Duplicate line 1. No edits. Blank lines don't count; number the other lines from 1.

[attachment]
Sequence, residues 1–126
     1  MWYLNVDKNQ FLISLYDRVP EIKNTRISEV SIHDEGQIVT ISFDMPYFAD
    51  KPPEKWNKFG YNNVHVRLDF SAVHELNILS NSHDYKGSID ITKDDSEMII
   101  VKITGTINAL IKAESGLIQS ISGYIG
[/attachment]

Sequence, residues 1–126